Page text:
Section: Application Domains
Climatologists have recourse to numerical simulation and particularly coupled models in several occasions: for example, to estimate natural variability (thousand of simulated years), for seasonal forecasting (only a few simulated months) or to study global warming characteristics (some simulated decades).
To take advantage of the Grid'5000 platform, we choose to launch parallel simulations (ensemble) on several nodes, approximatively 10 or more, according to the load of the platform. Scenario simulations, that simulate from present climate to the next century, require huge computing power. Indeed, each simulation will differ from each other in physical parameterization of atmospheric model. Comparing them, we expect to better estimate global warming prediction sensibility in order to model parameterization.
Practically, a 150 year long scenario combines 1800 simulations of one month each, launched one after the other. This partitioning eases workflow and implements checkpointing because the ending state of the simulation of one month is used as the initial state of the next month.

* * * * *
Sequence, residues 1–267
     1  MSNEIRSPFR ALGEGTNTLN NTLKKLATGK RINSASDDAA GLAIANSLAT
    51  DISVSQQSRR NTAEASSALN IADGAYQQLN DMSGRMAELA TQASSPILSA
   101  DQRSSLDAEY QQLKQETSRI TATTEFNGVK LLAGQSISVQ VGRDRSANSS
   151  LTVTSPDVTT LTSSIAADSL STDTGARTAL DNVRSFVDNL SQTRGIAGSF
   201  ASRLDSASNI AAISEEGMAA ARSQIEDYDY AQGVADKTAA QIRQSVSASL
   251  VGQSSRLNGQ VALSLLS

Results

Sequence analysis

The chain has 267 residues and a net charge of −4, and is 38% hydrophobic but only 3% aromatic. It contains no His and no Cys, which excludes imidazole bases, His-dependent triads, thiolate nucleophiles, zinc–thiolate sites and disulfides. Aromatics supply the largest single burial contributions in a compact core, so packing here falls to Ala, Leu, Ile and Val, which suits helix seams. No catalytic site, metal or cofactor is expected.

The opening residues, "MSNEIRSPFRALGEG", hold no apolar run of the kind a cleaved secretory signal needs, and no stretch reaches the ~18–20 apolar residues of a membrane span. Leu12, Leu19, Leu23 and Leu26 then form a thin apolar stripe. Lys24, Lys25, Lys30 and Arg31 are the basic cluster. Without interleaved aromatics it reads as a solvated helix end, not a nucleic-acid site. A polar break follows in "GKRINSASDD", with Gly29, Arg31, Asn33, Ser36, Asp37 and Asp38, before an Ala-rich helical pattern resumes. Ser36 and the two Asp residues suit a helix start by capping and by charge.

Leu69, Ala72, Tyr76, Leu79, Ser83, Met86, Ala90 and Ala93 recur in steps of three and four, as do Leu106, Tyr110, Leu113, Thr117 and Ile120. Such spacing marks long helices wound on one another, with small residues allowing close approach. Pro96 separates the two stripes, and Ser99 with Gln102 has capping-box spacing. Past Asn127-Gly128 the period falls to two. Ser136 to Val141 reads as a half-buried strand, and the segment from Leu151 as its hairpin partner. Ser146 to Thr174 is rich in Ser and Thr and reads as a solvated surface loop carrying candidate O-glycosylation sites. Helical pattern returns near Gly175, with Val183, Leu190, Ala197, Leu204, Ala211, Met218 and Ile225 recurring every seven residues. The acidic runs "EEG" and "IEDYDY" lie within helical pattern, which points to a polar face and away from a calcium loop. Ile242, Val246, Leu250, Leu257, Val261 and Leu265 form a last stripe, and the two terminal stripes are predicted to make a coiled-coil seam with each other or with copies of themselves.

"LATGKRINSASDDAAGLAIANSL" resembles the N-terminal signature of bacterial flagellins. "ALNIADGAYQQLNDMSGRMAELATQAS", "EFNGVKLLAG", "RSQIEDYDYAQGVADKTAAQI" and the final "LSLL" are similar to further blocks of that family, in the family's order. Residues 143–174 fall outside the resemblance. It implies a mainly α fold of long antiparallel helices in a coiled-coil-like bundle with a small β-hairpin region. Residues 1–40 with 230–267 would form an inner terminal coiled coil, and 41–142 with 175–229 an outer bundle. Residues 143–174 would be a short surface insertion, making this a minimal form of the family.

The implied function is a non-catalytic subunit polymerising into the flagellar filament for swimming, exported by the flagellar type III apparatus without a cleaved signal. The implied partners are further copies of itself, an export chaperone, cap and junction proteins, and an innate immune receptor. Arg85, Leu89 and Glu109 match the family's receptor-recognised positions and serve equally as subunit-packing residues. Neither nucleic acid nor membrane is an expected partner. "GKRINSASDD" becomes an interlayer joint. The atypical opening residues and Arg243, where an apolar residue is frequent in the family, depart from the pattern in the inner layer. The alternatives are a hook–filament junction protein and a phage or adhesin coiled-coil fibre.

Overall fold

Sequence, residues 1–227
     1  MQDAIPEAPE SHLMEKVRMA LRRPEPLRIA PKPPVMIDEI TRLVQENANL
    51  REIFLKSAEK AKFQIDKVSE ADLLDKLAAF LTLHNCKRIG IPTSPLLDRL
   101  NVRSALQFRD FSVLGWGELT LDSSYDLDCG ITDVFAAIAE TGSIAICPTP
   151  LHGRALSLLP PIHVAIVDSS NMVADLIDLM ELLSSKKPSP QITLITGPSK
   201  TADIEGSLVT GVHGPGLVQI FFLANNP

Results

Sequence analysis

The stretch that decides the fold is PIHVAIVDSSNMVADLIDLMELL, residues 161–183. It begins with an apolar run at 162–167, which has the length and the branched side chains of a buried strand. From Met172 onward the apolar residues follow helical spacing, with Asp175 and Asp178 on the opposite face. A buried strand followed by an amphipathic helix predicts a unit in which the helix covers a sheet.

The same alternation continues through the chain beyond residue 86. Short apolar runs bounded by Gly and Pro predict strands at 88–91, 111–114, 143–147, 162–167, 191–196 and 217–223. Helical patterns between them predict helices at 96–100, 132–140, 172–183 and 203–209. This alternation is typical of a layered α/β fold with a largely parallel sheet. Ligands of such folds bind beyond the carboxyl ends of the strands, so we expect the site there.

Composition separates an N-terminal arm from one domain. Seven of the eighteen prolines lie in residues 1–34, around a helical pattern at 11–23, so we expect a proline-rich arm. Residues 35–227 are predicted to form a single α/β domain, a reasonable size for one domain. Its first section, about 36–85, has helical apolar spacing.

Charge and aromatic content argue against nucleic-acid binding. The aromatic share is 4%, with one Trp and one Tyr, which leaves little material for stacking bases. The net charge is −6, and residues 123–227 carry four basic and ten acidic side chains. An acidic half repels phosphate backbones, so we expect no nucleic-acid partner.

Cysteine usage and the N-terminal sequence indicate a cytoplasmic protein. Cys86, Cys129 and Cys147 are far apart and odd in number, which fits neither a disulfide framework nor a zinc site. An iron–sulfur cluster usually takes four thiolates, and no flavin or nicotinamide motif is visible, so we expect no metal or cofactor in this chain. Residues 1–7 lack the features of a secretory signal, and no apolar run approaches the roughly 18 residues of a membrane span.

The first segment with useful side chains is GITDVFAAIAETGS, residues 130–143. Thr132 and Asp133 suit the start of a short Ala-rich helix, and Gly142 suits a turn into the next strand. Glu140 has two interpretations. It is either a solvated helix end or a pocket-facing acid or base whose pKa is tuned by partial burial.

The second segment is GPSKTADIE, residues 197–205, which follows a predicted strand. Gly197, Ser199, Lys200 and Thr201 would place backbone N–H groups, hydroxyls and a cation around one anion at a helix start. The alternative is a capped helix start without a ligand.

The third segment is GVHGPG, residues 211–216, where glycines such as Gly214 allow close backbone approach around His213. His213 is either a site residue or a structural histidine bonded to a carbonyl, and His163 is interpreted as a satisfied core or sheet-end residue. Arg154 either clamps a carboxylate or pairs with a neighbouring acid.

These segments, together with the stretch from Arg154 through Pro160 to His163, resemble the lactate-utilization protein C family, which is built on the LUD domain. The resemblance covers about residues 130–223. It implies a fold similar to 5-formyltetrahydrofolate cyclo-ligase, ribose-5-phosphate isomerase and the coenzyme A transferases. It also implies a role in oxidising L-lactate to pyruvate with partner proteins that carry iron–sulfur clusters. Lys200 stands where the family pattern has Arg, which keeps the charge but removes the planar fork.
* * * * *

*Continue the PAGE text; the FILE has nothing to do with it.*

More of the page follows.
Our goal regarding the climate forecasting application is to thoroughly analyze it in order to model its needs in terms of execution model, data access pattern, and computing needs. Once a proper model of the application has been derived, appropriate scheduling heuristics can be proposed, tested, and compared. We plan to extend this work to provide generic scheduling schemes for applications with similar dependence graphs.